In fact a consistent thread throughout Yoko’s work takes the form of invitations or instructions, along with paradoxical installations, works of participatory performance art, and the use of film (especially in extremely slow motion) to explore the difference between aesthetic and routine perception. As such, her work has more in common with Dada, Surrealism and Duchamps in particular than with her contemporaries in the Pop-Art movement (Warhol being the most obvious parallel, especially in their respective use of film). Beyond this stretches the lineage of Japanese art and thought, from the tea ceremony to the Zen koan. In short: unlike Warhol or Pop, Yoko is not interested in the social phenomena of celebrity or the mass media and their trade in images, so much as in the existential phenomenology of objects and embodiment.

Above all I was struck by the sense of an artist courageously confronting and exploring what she referred to as her own ‘shyness’ – a word that in this context has manifold implications: personal, political, psychological, cultural, sexual and gendered. Two famous performance works from 1964 reenacted or recorded this with great force. In Bag Piece, spectator-participants were invited to climb into a black cloth bag – which was fastened so that it completely enclosed them – and lie on the gallery floor, shed their clothes and move around however and for as long as they please. Meanwhile a projection on a nearby wall of Cut Piece showed a young Yoko sitting quietly on the floor onstage while audience-participants were invited to cut away pieces of her clothing with scissors (needless to say, in both works the use of the floor, clothing and silence all have distinctive Japanese cultural references).

Ironically though, given my earlier caveat about the distortion of Yoko’s reputation by her association with Lennon, perhaps the most beautiful and moving work in the exhibition for me was an extreme slow-motion film projection of John’s face gradually breaking into a smile. In part it was the sheer beauty of that face (no matter whom it belonged to); in part the revelation afforded by slow-motion of the timelessness of images, even moving ones; but undeniably also the anecdotal pathos of knowing the fate that lay in store for the man himself. What distinguishes this from comparable works by Warhol is a quality of innocence distinctive to Yoko’s oeuvre. For Warhol, mortality is something inherent in the image itself; for Yoko, slow-motion film captures an image of eternity at the heart of life.


The following night I was back in Central Park at the outdoor Delacorte Theatre for The Tempest, part of The Public Theatre’s annual summer season of Shakespeare in the Park (along with a forthcoming production of Cymbeline). Despite the incipient rain, there was a great sense of occasion among the 2,000-strong crowd: a mixture of paying subscribers and those determined enough to queue early and secure a free ticket – the core purpose of the season (as initiated by The Public’s founding director Joe Papp) being to make Shakespeare available to everyone regardless of income.

In the event, the production itself was like a bad school play, and featured some frankly amateur performances. The Prospero-Miranda-Ferdinand scenes were painfully awkward; the scenes with the marooned Duke and courtiers almost unwatchable; and the closing masque of Iris, Ceres and Juno staged like a kind of eisteddford, complete with excruciatingly lame choreography and musical score. The Stephano-Trinculo-Caliban comic subplot scenes were more successful; and the Prospero-Ariel scenes had real pathos, accentuated by Sam Waterston’s somewhat shaky but still forceful presence as Prospero (a part he famously played forty years ago), in which physical and emotional fragility were poignantly heightened by a deeply felt connection with the text. If both play and role can be read as Shakespeare’s farewell to the stage as a playwright, here there was a sense of an ageing actor contemplating his own twilight. When he stepped forward to deliver his final quavering appeal to the audience – ‘Let your indulgence set me free’ – I had a lump in my throat. Sometimes great works speak to us even more revealingly in productions that miss the mark completely, or in actors who identify with an aspect of their character all too closely.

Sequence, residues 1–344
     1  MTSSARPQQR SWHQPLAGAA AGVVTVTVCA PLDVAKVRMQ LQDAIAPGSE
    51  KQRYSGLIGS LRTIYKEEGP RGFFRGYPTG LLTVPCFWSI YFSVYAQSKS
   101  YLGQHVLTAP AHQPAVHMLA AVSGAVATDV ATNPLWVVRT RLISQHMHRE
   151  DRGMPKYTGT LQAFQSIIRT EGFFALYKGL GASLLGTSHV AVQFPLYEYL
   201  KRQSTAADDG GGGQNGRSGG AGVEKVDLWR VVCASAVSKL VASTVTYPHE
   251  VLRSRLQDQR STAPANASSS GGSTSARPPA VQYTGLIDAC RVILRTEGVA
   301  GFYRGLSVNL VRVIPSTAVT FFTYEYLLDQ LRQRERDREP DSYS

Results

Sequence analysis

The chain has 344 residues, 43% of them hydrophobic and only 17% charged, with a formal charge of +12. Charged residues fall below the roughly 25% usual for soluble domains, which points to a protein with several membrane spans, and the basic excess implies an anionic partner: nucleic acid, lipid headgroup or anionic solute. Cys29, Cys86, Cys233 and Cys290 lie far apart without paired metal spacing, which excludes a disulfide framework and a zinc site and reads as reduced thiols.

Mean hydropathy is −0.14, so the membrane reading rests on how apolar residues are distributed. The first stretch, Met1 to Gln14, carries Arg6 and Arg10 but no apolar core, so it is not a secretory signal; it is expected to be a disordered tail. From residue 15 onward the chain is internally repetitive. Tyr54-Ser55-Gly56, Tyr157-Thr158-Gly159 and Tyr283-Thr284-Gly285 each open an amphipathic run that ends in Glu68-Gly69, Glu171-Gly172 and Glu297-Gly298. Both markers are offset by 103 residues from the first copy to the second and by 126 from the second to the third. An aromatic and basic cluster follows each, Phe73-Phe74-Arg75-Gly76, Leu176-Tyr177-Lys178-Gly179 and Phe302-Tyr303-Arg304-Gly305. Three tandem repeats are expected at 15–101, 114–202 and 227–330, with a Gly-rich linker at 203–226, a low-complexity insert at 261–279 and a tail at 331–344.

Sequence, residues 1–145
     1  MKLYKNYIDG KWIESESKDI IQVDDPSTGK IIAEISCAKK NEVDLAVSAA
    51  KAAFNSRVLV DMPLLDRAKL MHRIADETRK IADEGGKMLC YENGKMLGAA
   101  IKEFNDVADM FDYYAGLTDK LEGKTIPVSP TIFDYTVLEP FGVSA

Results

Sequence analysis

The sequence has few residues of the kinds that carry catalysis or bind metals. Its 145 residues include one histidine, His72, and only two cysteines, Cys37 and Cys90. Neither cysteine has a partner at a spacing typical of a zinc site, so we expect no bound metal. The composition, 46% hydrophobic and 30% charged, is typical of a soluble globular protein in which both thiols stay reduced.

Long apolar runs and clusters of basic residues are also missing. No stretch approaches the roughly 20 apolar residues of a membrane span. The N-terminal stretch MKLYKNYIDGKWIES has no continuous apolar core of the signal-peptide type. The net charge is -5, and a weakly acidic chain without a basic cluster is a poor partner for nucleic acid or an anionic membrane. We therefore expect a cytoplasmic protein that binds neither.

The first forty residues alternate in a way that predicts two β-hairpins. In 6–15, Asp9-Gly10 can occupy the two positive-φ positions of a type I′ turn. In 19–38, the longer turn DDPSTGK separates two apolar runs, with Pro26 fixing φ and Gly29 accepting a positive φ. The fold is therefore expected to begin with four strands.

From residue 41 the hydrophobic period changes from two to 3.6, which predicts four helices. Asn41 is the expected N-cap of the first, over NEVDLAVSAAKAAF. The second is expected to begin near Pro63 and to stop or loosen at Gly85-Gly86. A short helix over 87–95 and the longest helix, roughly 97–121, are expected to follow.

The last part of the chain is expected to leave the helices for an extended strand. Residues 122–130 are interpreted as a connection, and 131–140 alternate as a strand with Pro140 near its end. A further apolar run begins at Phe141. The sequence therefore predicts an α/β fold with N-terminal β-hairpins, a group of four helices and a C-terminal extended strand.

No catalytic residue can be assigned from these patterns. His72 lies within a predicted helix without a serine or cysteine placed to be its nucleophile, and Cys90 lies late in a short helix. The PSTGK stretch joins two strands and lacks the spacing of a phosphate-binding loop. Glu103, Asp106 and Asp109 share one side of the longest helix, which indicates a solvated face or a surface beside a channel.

Later that night after I got back to my apartment in Williamsburg I wandered down to the ferry terminal a couple of blocks away. It was a Saturday night, and there was a small gathering of revellers scattered around the park benches on the lawn overlooking the jetty. I found a place to sit and gazed out across the water at the lights of Manhattan, feeling a little like Woody Allen, but without my own version of Diane Keaton sitting there beside me.


The next morning – it was a Sunday, the end of my first week in New York – I headed downtown to the Film Forum for another cinephilic indulgence: a marathon screening of Satyajit Ray’s classic Apu trilogy. Over six hours in total of beautifully restored black-and-white neo-realism, the films tell the story of a young boy who grows up in an Indian village, moves to the city with his family, moves to an even bigger city as a promising student, has a serendipitous marriage, finds love, and finally becomes a father, in the face of a series of increasingly devastating personal losses. Based on a famous Indian Bildungsroman, in some ways it’s more like a pilgrim’s progress, with a spiritual dimension and luminous beauty that set it apart from the Italian or French neo-realist films of Rossellini or Renoir that inspired it.

Just before the last screening began of Apu’s World, I glanced at my smartphone in the darkness of the cinema, and there was an email from my wife. I began reading it, and felt my world begin to dissolve.

We are such stuff as dreams are made on, as Prospero says at the end of the pageant in the last scene of The Tempest.

New York, my fellowship, my sense of reality, and apparently my marriage, had melted into air.

Into thin air.


Humph’s third and final Postcard from New York will be posted next week.